The Talent Wave offers a new way of developing future leaders by aligning employee aspirations with organizational needs.Out of stock
If succession planning works, how do the wrong people so often get to the top? Succession planning was once the key to identifying potential leaders to fill important positions. However, in today's rapidly evolving business world traditional succession planning is no longer a viable strategy with research showing that 70% of succession plans fail within two years, simply from lack of management support.
In a climate of growing skills shortages and lack of confidence in leadership potential, David Clutterbuck offers a new a process of dialogue between an organization and its employees. The Talent Wave presents a dynamic, flexible approach to succession planning and talent management. Clutterbuck first demolishes most of accepted practice in these areas, and then presents practical solutions which align employee ambitions and business priorities to ensure that organizations have the right leadership in place for ongoing success.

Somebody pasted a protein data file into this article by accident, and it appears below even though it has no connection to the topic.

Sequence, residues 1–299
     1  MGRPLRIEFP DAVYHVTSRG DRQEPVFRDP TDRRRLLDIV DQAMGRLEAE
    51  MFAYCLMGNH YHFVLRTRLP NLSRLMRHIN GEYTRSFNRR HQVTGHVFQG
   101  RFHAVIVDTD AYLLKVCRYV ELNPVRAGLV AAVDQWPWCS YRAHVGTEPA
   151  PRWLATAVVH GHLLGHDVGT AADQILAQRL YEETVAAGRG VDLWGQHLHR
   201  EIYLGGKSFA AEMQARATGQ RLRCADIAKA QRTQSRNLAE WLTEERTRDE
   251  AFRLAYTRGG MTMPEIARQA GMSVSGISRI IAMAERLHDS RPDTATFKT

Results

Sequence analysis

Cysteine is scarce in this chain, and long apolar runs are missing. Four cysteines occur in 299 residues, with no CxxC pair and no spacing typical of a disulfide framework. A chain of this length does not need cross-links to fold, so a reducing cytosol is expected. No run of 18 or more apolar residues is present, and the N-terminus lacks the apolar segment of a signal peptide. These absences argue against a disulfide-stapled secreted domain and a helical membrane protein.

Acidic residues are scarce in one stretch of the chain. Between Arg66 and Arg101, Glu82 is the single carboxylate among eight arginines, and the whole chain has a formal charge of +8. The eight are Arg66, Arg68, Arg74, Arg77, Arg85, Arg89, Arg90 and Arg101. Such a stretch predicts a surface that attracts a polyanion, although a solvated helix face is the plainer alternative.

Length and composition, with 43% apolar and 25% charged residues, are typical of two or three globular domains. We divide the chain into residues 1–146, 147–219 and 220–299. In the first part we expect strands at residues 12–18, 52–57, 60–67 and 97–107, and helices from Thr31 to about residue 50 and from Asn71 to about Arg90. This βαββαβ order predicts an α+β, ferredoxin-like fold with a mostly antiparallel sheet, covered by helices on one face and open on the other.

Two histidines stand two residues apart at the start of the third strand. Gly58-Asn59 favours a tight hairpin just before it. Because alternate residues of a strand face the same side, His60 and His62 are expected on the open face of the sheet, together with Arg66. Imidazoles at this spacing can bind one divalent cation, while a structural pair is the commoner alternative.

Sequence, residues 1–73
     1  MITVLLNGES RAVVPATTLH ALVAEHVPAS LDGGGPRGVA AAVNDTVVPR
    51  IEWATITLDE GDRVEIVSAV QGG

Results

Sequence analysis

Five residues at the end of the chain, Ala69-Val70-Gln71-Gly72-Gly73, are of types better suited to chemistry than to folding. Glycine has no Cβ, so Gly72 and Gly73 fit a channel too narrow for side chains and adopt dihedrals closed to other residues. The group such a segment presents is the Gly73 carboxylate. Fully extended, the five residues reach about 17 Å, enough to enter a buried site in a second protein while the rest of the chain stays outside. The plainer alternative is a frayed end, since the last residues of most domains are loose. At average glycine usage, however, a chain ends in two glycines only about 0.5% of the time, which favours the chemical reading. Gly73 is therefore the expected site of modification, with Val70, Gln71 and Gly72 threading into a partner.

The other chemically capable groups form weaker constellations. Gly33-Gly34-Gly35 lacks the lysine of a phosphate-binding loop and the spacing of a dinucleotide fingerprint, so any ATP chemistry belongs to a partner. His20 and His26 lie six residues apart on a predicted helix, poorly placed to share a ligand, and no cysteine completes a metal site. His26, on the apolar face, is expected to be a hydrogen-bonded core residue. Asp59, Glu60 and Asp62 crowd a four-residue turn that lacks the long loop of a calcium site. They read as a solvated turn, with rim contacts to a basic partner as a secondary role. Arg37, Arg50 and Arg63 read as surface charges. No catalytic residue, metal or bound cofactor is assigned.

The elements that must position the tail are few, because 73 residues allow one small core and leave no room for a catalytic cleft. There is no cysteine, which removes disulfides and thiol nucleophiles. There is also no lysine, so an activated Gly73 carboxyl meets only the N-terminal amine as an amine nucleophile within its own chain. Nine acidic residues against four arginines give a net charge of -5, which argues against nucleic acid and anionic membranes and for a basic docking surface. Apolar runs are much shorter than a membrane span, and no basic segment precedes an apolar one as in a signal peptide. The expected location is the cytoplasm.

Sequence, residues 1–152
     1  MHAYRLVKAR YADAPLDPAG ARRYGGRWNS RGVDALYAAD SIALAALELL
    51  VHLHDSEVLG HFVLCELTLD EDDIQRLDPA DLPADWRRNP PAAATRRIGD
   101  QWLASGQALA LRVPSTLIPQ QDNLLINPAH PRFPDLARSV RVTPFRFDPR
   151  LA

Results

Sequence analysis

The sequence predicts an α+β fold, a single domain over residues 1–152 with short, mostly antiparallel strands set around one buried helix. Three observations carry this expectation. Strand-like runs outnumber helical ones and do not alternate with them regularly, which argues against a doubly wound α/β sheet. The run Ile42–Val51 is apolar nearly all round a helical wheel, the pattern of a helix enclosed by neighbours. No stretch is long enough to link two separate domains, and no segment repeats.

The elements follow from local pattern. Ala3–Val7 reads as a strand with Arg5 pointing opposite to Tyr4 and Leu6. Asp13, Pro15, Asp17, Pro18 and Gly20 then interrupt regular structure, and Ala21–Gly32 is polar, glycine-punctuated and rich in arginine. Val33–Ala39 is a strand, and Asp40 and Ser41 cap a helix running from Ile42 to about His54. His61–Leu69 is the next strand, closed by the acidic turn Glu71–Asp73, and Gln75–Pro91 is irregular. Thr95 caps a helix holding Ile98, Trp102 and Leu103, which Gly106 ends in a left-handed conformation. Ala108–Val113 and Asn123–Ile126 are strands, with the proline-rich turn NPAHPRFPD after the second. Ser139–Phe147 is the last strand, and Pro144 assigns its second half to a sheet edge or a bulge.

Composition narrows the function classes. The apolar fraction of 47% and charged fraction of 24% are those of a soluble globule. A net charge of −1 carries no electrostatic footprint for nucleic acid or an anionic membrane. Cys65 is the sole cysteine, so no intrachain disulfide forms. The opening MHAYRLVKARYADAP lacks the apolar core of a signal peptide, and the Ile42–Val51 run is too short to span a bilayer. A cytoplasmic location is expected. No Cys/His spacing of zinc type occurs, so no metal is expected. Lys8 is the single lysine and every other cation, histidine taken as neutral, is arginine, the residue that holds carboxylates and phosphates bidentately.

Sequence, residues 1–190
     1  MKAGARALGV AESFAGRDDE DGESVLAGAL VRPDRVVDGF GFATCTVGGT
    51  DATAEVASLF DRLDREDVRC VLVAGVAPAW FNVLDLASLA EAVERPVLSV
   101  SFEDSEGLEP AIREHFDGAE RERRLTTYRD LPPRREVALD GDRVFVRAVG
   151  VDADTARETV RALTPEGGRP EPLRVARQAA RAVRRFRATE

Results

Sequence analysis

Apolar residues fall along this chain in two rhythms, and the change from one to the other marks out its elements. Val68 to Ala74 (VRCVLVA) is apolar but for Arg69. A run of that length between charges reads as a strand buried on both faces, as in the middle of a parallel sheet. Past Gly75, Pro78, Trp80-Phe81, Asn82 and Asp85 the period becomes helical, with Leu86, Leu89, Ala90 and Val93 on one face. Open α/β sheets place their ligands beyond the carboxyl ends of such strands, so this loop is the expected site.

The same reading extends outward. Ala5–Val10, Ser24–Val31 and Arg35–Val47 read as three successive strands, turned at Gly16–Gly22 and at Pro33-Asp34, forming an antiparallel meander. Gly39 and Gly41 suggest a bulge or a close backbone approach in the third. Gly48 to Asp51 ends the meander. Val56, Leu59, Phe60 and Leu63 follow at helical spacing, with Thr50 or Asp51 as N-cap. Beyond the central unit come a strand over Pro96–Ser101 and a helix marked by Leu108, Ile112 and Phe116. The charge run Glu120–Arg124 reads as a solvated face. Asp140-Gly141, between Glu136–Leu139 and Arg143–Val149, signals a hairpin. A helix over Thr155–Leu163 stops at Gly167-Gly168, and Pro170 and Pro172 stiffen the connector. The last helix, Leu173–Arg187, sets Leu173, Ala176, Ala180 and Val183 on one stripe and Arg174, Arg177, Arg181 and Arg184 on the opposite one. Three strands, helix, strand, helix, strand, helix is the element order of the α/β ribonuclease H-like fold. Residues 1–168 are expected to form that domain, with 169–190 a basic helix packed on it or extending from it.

Insightful, leading edge and practical. An essential guide for senior leaders and HR professionals.
Chris Roebuck, Visiting Professor, Cass Business School and former Global Head of Talent & Leadership UBS
One day people will look back at today's HR practices and ask: Why did we ever do things like that? Professor Clutterbuck asks those difficult questions today, and presents a wealth of alternative approaches. These will equip organisations to be more dynamic, fluid and agile in the way they manage people, develop talent, and redefine careers.
Jonathan Winter, Founder, The Career Innovation Company
David Clutterbuck is a co-founder and lifetime ambassador of the European Mentoring and Coaching Council and founder of Clutterbuck Associates. Visiting professor at two UK Universities, he is repeatedly among the top 25 HR thinkers in HR Magazine's annual survey, and is the author or co-author of over 50 books, including Mentoring in Action, published by Kogan Page.